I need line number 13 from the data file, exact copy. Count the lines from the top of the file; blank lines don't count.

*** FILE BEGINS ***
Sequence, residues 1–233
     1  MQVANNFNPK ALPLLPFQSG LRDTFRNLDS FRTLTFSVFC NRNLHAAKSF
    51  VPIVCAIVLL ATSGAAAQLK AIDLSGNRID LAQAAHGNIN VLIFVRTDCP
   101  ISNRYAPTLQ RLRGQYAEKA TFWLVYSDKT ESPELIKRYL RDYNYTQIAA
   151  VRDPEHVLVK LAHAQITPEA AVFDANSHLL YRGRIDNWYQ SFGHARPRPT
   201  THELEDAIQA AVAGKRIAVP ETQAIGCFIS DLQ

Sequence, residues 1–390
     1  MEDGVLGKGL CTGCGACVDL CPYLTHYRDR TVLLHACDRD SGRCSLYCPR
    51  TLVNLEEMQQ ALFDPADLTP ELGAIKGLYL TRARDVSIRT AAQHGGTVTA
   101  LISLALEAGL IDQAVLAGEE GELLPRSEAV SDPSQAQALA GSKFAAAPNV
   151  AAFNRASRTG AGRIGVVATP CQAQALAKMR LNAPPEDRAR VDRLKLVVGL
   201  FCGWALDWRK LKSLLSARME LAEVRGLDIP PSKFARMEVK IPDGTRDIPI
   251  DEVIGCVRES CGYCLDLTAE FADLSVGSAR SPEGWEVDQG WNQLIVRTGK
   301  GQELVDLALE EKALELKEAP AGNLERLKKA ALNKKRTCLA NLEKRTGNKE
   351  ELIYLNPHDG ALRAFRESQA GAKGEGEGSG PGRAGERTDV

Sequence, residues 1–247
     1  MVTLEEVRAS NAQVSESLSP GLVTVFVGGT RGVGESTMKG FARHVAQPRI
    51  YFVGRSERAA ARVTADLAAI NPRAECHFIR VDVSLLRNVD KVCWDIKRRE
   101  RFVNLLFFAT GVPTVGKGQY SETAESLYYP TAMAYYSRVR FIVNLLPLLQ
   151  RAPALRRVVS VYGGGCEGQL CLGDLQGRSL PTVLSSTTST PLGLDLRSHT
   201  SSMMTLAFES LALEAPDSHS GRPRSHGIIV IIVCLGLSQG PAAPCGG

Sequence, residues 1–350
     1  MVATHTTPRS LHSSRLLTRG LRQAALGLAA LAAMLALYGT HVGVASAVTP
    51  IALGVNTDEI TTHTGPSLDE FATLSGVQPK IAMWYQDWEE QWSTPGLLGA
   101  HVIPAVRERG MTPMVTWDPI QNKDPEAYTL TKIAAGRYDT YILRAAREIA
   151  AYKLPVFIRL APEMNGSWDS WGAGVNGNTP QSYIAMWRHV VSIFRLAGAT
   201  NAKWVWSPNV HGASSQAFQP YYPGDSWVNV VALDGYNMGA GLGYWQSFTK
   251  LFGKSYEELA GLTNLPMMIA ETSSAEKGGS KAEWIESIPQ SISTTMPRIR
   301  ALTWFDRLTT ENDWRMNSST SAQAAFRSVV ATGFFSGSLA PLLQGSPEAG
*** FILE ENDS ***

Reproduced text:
   251  DEVIGCVRES CGYCLDLTAE FADLSVGSAR SPEGWEVDQG WNQLIVRTGK